When he did wake up, a few minutes later, he was sobbing. I got him from his crib, and the poor kid was inconsolable. His nose was still stuffy and he was slightly warm, but didn't seem to be sick other than that, and his two year molars have been giving him grief on and off for a couple months now, so I thought maybe it was that. It took me forever to calm him. He didn't want his diaper changed, or his teeth brushed, or to be put down for even the moment it would take me to pick up his shoes or his sippy cup of water. Despite my early start to the morning, we were ten minutes late by the time I was strapping him into his carseat. And then the sirens started.
I had carried him out to the car, but left my keys and all our bags inside, because he was so insistent about not wanting to be put down, and I couldn't carry everything at once. So I was texting the sitter to let her know we were running late, and explaining what the siren sound was, and debating whether to leave the car door open or closed while I ran back in the house to grab our bags (it was chilly out, and I couldn't tell if he'd be more comfortable closed up in the cold car or with the door wide open), and I was distracted and not really processing what was happening except, damn, that siren was getting awfully loud; maybe I should shut the door, does the noise seem to be scaring him? but no, not really, let me just get these bags and my keys so we can go, and by the time I got back to the car with everything we needed for the day the siren was silent, and we were fifteen minutes late by that point and so we set out on our way.
We drove up the hill, turned left, and then right at the stop sign, like we always do, and the intersection ahead was completely obstructed by a huge fire truck, and behind that I could just make out the blackened frame of a car that looked as if it had just recently been completely engulfed in flames. It all happened quickly, and we were so late, and I immediately began to reverse back around the corner to the stop sign so I could turn left this time and take an alternate route, that all I really remember is that the car was all black and grey, almost like an old movie made before technicolor, except that it was just the car that looked this way, nothing else around it, and somehow it had burned itself back into black and white.
We did the stop at the sitter's, and I left her the tylenol and instructions to text me if it seemed like he was sick instead of teething, and then I drove to a conference and spent all day immersed in a tool used to assess parenting skills. It was a busy day examining the research behind the instrument, and how we can use data to drive curriculum from rubrics describing four scales and fifteen subscales measuring various abilities related to literacy instruction. I went right from work to the chiropractor's office where I was promptly scolded for overdoing it after my appointment on Monday and told to lie down with my feet elevated and ice on my back for the rest of the evening.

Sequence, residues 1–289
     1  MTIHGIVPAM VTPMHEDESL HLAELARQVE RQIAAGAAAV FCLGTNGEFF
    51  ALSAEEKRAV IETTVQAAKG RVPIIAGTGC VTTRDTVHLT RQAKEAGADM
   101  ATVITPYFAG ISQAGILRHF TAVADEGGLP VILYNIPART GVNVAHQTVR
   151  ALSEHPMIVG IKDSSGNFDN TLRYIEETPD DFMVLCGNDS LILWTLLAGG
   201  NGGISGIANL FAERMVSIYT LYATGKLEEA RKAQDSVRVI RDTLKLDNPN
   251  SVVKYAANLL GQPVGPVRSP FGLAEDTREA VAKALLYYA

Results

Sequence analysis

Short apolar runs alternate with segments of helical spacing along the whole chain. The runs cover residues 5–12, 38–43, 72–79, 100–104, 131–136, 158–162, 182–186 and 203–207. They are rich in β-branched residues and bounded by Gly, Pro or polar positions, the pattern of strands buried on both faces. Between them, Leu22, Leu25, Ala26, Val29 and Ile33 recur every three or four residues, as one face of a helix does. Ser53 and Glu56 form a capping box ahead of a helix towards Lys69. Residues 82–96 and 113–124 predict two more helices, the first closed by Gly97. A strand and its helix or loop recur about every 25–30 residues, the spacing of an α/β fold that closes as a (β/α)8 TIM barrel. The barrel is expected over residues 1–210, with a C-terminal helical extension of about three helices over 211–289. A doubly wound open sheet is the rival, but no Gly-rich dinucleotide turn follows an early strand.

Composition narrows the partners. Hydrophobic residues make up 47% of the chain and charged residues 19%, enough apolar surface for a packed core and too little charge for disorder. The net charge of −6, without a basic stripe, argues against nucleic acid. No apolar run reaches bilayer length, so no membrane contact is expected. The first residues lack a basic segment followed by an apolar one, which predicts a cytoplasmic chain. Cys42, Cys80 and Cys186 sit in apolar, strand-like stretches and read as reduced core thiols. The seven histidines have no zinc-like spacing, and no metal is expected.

I arrived home just before my husband, who picked up our son today since I had the full day conference followed by the chiropractic appointment. I did my best to lie down and still play with my boy, letting him crawl on me as long as it didn't hurt too badly, and reading book after book. My husband was kind enough to do bathtime and then the bedtime routine so I could continue to ice my back, but after he left our boy's room the little guy began to cry for Mama. I'm usually the one who does bedtime and it broke my heart to hear my boy cry for me on my night off, so I hobbled in, and cuddled with him in the big armchair rocker by the crib for a few songs from the lullaby CD.
It had been such a busy day, and so mentally demanding, that I had hardly taken a moment to think until I settled into that rocking chair, kicking up the feet so as to stay as close as I could to the doctor's recommended position and relieve the back pain that kicks into gear whenever I sit. And so it wasn't until this evening that I replayed the morning's events in my head and realized: we heard those sirens ten minutes after we should have been crossing that intersection. Our car was supposed to be right where I saw that black and white movie of a car, except that it wasn't a movie. It was a car, belonging to a person, and it had burned up until I couldn't tell what color it was supposed to be. I don't know what happened to the person, or people, who were inside the car. I don't know if anyone was hurt. I only know that we should have been crossing that intersection shortly before the sirens began to blare this morning. And that we weren't.
My heart began to beat harder in my chest while my daughter kicked a beat against my bladder like a little hamster running on a wheel, and my son shifted in the crook of my arm, adjusting and readjusting his blanket and snuffling his still stuffy nose. I pulled him closer to me and nuzzled the top of his head, while my other hand moved to my belly to feel my daughter's crazy kicks. Oh baby, I murmured into the top of his head, thank God you cried this morning. Thank God you made us late.